Happy Thanksgiving, y’all! If you’re here for my Thanksgiving Turkey post, and the pictures look a little different, do not be confused, for I have updated them from the pictures I took in the dark with a camera sitting on a book on my kitchen counter 4 years ago.
Remember that scene in National Lampoon’s Christmas Vacation where Clark Griswold cuts open the very dry turkey? I have detailed directions (with photos) for you to keep that scene from playing out in your own dining room.
I did the math in my head, and I’m betting I’ve made about 4 dozen turkeys in the last 15 years. I’ve tried a ton of different recipes, and about 7 years ago, I finally perfected a turkey with white meat so moist, my husband and I always have to triple check it to make sure it’s actually done. I now use a combination of The Barefoot Contessa’s, and Martha Stewart’s recipes, and this. turkey. is. perfection.
I mean, seriously. Look at this breast meat. Breast meat.
The biggest trick (Ina Garten’s) is to loosen the skin on the breast meat and put a herb butter mixture underneath it. Basted with white wine and butter (Thanks, Martha!) this is sooooo much better than any turkey cooked in a bag! Bonus points that it gives your whole house that magical Thanksgiving fragrance of turkey and sage.
1 Turkey, thawed (I usually wind up with a 30 pounder. Today, it’s just a 14lb)
Stuffing (of your choice *see note below)
2 Sticks of room temperature butter
1 bottle of dry white wine (like Chardonnay)
If you’re stuffing your turkey, make your stuffing, and set aside. * This recipe used to use a stuffed turkey, but because of articles I have read about bacteria and stuffed turkeys, I have started leaving my turkey unstuffed, and cooking the stuffing in a separate casserole dish. I am still including directions for if you would like to stuff your turkey, but I don’t have a picture, because I didn’t do it when I updated the photos. 🙂
Pour the bottle of wine, and one stick of your butter into the bottom of your roasting pan. This is going to combine with the juices and the fats and seasonings of your turkey to make the basting liquid. I used to use Martha Stewart’s more pretentious method of melting the butter and wine in a saucepan before using it to baste, but then I realized I get identical results if I just do this, and I dirty one less dish, which is awesome on Thanksgiving.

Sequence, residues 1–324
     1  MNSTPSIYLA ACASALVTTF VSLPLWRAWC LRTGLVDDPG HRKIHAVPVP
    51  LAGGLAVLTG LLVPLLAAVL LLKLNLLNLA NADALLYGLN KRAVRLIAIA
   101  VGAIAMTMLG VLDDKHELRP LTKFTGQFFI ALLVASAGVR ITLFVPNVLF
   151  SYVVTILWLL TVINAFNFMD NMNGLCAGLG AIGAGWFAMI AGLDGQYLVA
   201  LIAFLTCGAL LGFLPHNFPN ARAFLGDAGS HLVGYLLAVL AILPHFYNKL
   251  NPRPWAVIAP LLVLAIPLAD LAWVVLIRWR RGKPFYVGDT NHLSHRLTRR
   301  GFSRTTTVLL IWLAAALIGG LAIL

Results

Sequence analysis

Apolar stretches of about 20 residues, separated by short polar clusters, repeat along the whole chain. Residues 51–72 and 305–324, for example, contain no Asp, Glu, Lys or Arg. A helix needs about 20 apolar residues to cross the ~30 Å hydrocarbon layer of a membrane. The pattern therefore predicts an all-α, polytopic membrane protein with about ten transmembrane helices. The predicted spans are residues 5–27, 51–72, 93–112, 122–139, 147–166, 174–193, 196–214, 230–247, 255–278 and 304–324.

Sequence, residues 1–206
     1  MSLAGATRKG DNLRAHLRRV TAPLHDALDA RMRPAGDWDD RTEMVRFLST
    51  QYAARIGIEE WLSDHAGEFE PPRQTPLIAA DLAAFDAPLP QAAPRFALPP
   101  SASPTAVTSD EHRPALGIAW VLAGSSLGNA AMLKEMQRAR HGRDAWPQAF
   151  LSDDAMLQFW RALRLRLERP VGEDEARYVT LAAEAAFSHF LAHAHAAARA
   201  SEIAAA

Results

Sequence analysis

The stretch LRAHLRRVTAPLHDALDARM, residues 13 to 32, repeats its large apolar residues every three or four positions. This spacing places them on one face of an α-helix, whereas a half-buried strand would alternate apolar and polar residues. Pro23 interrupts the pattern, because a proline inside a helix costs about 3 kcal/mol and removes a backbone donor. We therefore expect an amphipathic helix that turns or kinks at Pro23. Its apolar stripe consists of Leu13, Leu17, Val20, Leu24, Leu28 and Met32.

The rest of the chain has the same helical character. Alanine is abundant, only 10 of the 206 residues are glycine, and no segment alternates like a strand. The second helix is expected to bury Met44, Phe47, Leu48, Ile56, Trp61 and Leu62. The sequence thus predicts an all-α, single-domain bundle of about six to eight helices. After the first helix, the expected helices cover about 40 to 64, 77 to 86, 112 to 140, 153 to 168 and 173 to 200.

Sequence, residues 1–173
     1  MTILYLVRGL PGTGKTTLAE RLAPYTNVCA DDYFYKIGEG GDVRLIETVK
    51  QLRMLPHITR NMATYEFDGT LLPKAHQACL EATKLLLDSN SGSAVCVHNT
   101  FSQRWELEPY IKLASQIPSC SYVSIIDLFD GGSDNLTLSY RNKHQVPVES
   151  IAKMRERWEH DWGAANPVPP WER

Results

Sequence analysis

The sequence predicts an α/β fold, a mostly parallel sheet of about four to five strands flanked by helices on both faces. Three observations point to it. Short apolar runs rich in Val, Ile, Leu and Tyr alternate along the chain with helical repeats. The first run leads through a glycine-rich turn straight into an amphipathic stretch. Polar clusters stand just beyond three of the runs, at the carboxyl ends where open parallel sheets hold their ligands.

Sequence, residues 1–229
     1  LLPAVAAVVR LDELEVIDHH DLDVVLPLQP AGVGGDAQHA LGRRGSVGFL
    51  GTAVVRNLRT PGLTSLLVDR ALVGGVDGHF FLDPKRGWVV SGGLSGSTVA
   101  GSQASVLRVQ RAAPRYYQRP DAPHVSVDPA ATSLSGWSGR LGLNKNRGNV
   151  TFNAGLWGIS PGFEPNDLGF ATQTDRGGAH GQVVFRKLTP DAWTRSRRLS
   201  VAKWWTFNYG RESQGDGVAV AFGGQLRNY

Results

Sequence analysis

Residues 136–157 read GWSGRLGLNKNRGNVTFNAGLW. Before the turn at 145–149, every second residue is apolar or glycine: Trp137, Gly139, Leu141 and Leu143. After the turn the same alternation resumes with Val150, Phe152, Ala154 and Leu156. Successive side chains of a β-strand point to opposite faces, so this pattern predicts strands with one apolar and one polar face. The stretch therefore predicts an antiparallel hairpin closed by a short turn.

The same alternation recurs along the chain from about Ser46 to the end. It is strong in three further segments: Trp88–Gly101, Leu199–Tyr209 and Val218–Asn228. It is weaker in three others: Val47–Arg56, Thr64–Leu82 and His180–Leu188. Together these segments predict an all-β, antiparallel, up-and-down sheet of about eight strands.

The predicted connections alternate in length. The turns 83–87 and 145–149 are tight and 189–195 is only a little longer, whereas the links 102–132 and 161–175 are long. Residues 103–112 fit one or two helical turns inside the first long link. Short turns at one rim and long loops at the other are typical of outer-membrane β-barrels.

Clean your turkey. This is best done over the sink, but I had to do it on the counter in a bowl to get the picture. Rinse out the inside, pull out all the guts and gizards, do with them what you will (Some people put them in their stuffing. I throw them away, they give me the willies) Mine often comes with a bag of gravy. Do people actually eat that gravy that they pulled out of the butt of their turkey?
Check all openings, including the butt, and make sure you get them all- I once forgot a bag in there, and it was NOT pretty.
Pat the turkey down dry with a paper towel.
Salt the inside cavity. I use about a tablespoon of salt for a 30lb turkey. For a 15 lb turkey, two teaspoons. It doesn’t have to be exact.
In a measuring cup, put one stick of butter, a tablespoon of salt (It’s a lot, but you’re seasoning an entire turkey here) 1/2 tsp pepper, 1 tablespoon of poultry seasoning, 1/4 tsp sage, and 1 tsp garlic powder, and mix it all together. Set aside.
With your hands, loosen the skin of the turkey. Slowly work your hands underneath the skin until it is completely loosened. This is Ina Garten’s trick, and it is magic.
Spread about half of the butter mixture on the breast, underneath the skin. If your turkey is very cold, the butter is going to clump up a little when you put it on the turkey. That’s okay. It will melt and go all over.
Spread the rest of the butter mixture over the top of the turkey.
Top the turkey with a sprinkle of more salt, pepper, and poultry seasoning.
Stuff your turkey, if you’re doing that.
If your turkey’s legs aren’t already tied together, tie them together with cooking twine. Most turkeys these days come with their legs pre-tied, which is nice.
Bake at 325°, for as long as needed (chart below) basting with the wine/butter liquid ever 15-30 minutes. (I do it every 15 minutes, but ever 30 would be fine) If you notice parts of the turkey getting too dark while you’re in there basting, (hello, wings!) cover them loosely with aluminum foil.
Let your turkey rest for at least a half an hour before eating. (Gives you time to make the gravy!)
Cooking time for a Turkey at 325° F
These times are approximate. Always check with a meat thermometer. Turkey should be a minimum of 165° when a thermometer is inserted into the thickest part of the thigh.
4 to 8 pounds (breast) 1½ to 3¼ hours
8 to 12 pounds 2¾ to 3 hours
12 to 14 pounds 3 to 3¾ hours
14 to 18 pounds 3¾ to 4¼ hours
18 to 20 pounds 4¼ to 4½ hours
20 to 24 pounds 4½ to 5 hours
24 to 30 pounds 5 to 5 1/2 hours
to 12 pounds 3 to 3½ hours
12 to 14 pounds 3½ to 4 hours
14 to 18 pounds 4 to 4¼ hours
18 to 20 pounds 4¼ to 4¾ hours
20 to 24 pounds 4¾ to 5¼ hours
24 to 30 pounds 5 1/4 to 5 3/4 hours